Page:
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Some drugs do not fall into any of the major categories of substances but can still be problematic and even dangerous if they are abused. Two of the most common drugs that fit this description are dextromethorphan and synthetic cannabinoids. The first is an over-the-counter medication found in many cough and cold formulations. The second is an illegal substance created to mimic THC, the active ingredient in marijuana that causes the “high.” Although they are not legal in this country, they are often disguised as potpourri or another non-edible substance so that they can be sold at gas stations, convenience stores and over the Internet.

Dextromethorphan Overview

History of Dextromethorphan

Also known as DXM, dextromethorphan was initially approved by the FDA for use as a cough suppressant in 1958. Two decades later, it was removed from the market due to the growing abuse of the substance. When it was reintroduced, it was placed into formulations with an unpleasant taste to discourage DXM misuse. However, the new formulations have not stopped DXM abuse, which is becoming a prevalent problem once again, especially among younger users.

Short-Term Effects of DXM

When DXM is taken for nonmedical reasons, the intoxication that results can be similar to alcohol or marijuana. Higher amounts can also lead to hallucinations and a distorted sense of reality. Other short-term effects of DXM might include:

  • Loss of coordination
  • Vision changes
  • Slurred speech
  • Impaired short-term memory
  • Elevated blood pressure and heart rate
  • Stomach pain and vomiting

Long-Term Damage of DXM

When used in extremely high doses or over an extended period, DXM can lead to additional damage, including;

  • Liver failure
  • Rapid heart rate, known as tachycardia
  • Depressed respiration
  • Hyperthermia (dangerously elevated body temperature)
  • Seizures
  • Coma

Signs of Addiction

DXM users can become addicted to the substance over time. Signs to watch for consist of:

  • Tolerance – needing higher amounts to achieve the desired effect
  • Uncomfortable symptoms if the substance is stopped, known as withdrawal
  • Spending more time using and recovering from the impact of the drug
  • More time spent away from family, friends and activities
  • Changes in sleeping and eating patterns
  • Abrupt mood changes that might include anger, hostility or depression
  • Inability to focus, problems with short-term memory

Synthetic Cannabinoids Overview

History of Synthetic Cannabinoids

Synthetic marijuana has a much shorter history, with its introduction in Europe as recently as 2004. Four years later, the substance made its appearance in the U.S. Also referred to as spice or K2; this drug is created in underground labs and designed to mimic the effects of marijuana. However, the potency of the substances, combined with the possibility they are laced with other chemicals, makes them much more dangerous in many cases. Despite the hazard, use of these drugs has been on the rise in recent years, as well as emergency room visits related to the intense side effects.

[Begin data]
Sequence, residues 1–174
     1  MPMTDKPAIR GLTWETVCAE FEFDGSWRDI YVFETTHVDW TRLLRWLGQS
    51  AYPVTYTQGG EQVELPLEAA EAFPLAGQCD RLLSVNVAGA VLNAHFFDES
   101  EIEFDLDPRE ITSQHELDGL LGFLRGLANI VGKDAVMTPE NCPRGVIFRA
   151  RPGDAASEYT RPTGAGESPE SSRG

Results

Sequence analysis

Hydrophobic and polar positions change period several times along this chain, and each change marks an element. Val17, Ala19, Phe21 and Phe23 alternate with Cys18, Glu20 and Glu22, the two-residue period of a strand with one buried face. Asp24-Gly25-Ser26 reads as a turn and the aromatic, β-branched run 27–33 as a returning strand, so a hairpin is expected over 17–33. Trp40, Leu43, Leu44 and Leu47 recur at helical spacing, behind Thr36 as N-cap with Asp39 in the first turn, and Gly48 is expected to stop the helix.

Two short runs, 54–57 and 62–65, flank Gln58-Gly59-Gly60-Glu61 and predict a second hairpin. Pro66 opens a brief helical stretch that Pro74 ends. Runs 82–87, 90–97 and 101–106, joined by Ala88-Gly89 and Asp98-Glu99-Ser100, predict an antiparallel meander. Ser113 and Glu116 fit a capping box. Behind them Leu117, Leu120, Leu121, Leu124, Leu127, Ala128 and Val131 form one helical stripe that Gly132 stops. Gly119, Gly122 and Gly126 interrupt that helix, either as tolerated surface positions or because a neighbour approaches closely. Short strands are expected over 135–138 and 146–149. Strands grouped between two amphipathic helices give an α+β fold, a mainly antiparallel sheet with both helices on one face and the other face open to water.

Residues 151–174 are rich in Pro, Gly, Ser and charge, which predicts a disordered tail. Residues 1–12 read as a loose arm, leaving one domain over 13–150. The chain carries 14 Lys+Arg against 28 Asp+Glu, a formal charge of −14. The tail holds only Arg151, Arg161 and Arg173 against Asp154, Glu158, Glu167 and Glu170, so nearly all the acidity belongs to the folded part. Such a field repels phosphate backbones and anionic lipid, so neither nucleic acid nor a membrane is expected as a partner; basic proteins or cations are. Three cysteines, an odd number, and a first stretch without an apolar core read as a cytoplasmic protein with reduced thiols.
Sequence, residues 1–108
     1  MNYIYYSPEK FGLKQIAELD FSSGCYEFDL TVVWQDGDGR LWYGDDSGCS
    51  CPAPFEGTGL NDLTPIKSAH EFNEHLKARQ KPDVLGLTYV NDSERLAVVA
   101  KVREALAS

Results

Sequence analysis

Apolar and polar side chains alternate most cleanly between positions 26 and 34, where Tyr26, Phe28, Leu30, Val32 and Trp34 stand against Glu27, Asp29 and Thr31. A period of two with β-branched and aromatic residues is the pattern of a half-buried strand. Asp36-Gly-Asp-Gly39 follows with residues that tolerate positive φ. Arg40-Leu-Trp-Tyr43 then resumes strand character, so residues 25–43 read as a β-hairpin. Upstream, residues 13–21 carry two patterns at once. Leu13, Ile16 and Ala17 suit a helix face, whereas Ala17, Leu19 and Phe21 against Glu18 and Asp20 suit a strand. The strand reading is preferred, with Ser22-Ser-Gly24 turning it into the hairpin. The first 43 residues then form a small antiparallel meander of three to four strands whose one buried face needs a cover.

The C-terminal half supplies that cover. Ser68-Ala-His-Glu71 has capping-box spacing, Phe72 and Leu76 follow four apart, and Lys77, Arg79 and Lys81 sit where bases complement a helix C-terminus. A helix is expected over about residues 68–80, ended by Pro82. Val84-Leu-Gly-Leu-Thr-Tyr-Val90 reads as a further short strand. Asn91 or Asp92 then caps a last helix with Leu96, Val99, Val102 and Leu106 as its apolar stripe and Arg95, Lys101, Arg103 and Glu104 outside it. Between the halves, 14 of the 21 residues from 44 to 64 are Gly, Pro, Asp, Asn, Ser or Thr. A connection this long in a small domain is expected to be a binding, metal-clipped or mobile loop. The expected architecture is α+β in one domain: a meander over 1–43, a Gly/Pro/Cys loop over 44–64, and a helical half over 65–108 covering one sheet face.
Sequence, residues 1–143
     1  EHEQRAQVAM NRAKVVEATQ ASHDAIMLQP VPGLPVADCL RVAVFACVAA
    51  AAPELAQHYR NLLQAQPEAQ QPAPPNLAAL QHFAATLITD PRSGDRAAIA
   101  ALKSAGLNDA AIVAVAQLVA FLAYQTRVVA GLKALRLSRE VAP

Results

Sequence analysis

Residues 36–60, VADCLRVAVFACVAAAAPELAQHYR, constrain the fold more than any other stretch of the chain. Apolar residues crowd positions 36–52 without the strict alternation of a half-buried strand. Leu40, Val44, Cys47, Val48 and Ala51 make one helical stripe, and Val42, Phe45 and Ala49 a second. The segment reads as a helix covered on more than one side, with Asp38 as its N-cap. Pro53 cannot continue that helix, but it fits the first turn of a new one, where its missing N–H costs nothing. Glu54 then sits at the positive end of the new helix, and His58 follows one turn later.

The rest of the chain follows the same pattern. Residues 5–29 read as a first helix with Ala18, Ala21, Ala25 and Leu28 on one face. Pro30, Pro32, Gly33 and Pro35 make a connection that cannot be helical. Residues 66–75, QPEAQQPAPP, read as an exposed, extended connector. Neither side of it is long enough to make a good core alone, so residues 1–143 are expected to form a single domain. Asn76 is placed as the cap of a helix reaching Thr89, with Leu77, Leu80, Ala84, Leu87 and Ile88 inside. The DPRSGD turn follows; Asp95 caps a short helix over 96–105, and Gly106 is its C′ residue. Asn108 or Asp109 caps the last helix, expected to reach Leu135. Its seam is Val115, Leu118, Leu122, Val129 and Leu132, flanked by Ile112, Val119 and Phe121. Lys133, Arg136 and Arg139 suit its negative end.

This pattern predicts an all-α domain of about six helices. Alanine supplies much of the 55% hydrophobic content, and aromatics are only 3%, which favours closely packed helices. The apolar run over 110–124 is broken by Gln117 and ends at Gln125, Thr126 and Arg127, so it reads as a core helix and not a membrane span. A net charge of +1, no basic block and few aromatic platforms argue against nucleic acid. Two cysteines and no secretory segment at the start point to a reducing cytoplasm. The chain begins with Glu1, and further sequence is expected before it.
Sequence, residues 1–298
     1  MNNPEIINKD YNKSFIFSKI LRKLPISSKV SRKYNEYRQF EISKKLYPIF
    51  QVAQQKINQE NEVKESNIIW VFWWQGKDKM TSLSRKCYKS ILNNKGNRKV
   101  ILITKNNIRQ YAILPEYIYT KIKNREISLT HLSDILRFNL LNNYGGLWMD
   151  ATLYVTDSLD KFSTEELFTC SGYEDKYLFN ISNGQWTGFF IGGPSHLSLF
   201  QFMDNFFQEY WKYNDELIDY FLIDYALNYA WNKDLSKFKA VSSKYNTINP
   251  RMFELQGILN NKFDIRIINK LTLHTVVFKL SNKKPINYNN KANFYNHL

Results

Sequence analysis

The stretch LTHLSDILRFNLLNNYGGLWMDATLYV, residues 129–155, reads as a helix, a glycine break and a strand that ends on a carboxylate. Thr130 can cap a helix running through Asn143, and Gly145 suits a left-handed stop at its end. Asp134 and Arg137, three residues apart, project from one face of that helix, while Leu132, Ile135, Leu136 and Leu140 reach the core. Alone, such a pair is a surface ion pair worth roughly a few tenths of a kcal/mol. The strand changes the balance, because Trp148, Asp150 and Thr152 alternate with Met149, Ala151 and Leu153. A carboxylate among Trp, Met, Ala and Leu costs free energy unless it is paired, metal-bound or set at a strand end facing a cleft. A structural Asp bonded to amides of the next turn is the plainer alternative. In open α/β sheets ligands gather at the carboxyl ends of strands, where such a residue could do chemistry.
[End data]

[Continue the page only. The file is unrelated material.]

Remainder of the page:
Short-Term Effects

The effects of synthetic cannabinoids are similar to those achieved with marijuana:

  • Feeling of relaxation
  • Distortion in senses and perception
  • Increased heart rate and body temperature
  • Nausea and vomiting
  • Confusion, anxiety and paranoia

Because it is difficult to know the potency of the substance or whether other chemicals are in the mix, the effects of these drugs can be somewhat unpredictable. In some cases, symptoms can be severe and even life-threatening and are accounting for a growing number of emergency room visits each year.

Long-Term Damage

When used over an extended period, the damage done by synthetic cannabinoids can be even more severe. Although the drugs are still too new to know exactly how the can impact the body over the long-term, some users report the following effects:

  • Memory loss and persistent confusion
  • Paralysis, which may be temporary or long-lasting
  • Heart and kidney damage
  • Persistent hallucinations, even after the drug is stopped
  • Depression, anxiety, paranoia and suicidal thoughts and ideations

Signs of Addiction

Synthetic cannabinoids are addictive, which can make it difficult for users to quit without professional support. Signs a person might be addicted to the substance include:

  • Needing additional amounts of the substance to achieve the desired “high”
  • Being unable to stop using even if the drug is causing problems in the person’s life
  • Withdrawal symptoms if the drug is stopped, compelling the individual to use once again
  • Isolating oneself from friends, family, activities and hobbies

Seeking Treatment

Both DXM and synthetic cannabinoids are substances that can have potentially dangerous effects including dependency. If you are a professional struggling with either of these drugs, you may feel there is nowhere to turn for help that will not jeopardize your career. However, the Center for Professional Recovery works with professionals in the medical and other industries every day, helping them achieve a successful recovery and often return to their careers in time. If you need help, contact our center today at 866.298.0056.

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